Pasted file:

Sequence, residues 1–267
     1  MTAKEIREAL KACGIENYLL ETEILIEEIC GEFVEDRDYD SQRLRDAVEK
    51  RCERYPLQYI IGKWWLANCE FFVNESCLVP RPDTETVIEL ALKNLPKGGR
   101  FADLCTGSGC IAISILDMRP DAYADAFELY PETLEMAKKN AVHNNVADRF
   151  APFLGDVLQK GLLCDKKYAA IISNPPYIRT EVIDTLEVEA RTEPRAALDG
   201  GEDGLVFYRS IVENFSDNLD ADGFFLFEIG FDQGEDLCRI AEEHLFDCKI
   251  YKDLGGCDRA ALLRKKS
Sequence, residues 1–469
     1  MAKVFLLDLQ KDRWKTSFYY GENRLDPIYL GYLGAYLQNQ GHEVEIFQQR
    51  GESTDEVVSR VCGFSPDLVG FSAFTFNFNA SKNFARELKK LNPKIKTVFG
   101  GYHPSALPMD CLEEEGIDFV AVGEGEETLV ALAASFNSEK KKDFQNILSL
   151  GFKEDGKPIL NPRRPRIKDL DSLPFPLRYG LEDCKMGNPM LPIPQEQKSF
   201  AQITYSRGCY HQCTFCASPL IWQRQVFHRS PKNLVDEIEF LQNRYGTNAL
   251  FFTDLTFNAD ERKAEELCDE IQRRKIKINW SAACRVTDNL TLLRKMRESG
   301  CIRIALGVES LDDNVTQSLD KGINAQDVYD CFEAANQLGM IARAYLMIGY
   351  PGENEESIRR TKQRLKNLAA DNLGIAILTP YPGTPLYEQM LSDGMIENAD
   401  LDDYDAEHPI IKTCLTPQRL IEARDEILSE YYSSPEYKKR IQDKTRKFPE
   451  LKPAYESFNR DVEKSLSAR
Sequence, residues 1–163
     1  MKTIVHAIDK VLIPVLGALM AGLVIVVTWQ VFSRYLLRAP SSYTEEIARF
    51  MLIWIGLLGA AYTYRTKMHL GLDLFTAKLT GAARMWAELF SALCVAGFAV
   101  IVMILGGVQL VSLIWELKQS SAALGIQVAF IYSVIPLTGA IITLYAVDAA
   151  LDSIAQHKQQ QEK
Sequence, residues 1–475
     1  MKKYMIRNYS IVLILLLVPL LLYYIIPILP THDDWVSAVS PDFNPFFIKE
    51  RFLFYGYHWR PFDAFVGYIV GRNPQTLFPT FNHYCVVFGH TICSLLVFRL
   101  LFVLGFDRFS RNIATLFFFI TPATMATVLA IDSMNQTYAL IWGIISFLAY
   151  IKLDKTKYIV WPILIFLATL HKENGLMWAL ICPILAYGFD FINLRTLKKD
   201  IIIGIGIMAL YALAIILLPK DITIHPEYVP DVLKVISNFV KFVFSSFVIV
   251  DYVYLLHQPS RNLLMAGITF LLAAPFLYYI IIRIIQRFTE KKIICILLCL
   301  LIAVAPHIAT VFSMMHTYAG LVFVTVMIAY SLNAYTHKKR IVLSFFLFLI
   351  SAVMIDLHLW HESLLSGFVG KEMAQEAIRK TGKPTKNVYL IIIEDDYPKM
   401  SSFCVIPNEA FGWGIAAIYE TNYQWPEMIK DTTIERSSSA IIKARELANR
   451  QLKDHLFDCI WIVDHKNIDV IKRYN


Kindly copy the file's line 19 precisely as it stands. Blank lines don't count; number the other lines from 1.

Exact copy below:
Sequence, residues 1–163